Asthma research receives million dollar donation

Published 2008-10-02 00:00. Updated 2013-11-26 10:24

[PRESS RELEASE, 2 October 2008] The Centre for Allergy Research at Karolinska Institutet has received a donation of one million US dollars for research into severe asthma. The donation was made by the Sandler Foundation in USA.

The donation will be used for the development of a new research programme: The Bernard Osher Initiative for Research on Severe Asthma at Karolinska Institutet. The aims of the research programme are to increase understanding of mechanisms that cause the most severe forms of asthma and thereby improve diagnosis and identify new targets for treatment.

Difficult-to-treat asthma is currently the major unmet need in asthma care, says Professor Sven-Erik Dahlén, head of the Centre for Allergy Research at Karolinska Institutet. These patients have a greater risk of developing a wide range of complications, and the underlying causes remain at large. It is clear that there are many different clinical forms of severe asthma and there is a requirement for true translational research to move this field forward.

At least five postdoc appointments will be announced internationally, the plan being for the research programme to start is January 2009. The Bernard Osher Initiative for Research on Severe Asthma at Karolinska Institutet is unique in several respects, including in its extensive financing and its explicit strategy to involve also researchers currently active in fields other than asthma.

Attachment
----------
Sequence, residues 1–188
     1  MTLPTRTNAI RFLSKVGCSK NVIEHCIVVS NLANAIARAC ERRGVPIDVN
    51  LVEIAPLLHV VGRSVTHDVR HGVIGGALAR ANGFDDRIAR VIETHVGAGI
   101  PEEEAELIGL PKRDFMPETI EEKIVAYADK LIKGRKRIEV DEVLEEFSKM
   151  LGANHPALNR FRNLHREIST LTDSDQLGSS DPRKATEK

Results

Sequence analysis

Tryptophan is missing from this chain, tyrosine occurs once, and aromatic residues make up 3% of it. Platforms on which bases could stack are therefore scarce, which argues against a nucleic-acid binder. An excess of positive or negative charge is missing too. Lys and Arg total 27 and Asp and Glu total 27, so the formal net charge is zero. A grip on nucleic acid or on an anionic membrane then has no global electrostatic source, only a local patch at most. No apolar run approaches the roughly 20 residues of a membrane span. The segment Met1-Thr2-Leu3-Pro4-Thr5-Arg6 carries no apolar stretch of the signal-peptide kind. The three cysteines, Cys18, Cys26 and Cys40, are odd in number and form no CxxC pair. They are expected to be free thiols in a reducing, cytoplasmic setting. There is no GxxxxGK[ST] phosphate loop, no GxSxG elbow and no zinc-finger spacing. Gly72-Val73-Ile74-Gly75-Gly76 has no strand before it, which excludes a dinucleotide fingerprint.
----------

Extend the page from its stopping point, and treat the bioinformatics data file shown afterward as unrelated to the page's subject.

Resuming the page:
The research will be based on existing competence in clinical research into serious adult and childhood asthma, says Professor Dahlén. From this platform, well then build bridges to new relevant fields of research, such as infection medicine, biomarkers and molecular genetics.

Marion Sandler, an asthma sufferer herself, gave the donation as a gift to her brother Bernard Osher on his 80th birthday. Bernard Osher and his wife Barbro have previously contributed some 7.8 million US dollars to the building of the Osher Centre for Integrative Medicine at Karolinska Institutet.

For its success, the Bernard Osher Initiative for Research on Severe Asthma requires not only excellence in research, but also a leadership being familiar with both clinical and basic science. There are hence few research institutions in the world having the capacity to take on an initiative of this magnitude. Karolinska Institutet is very much one of those, says Mrs Sandler, president of the Sandler Foundation.

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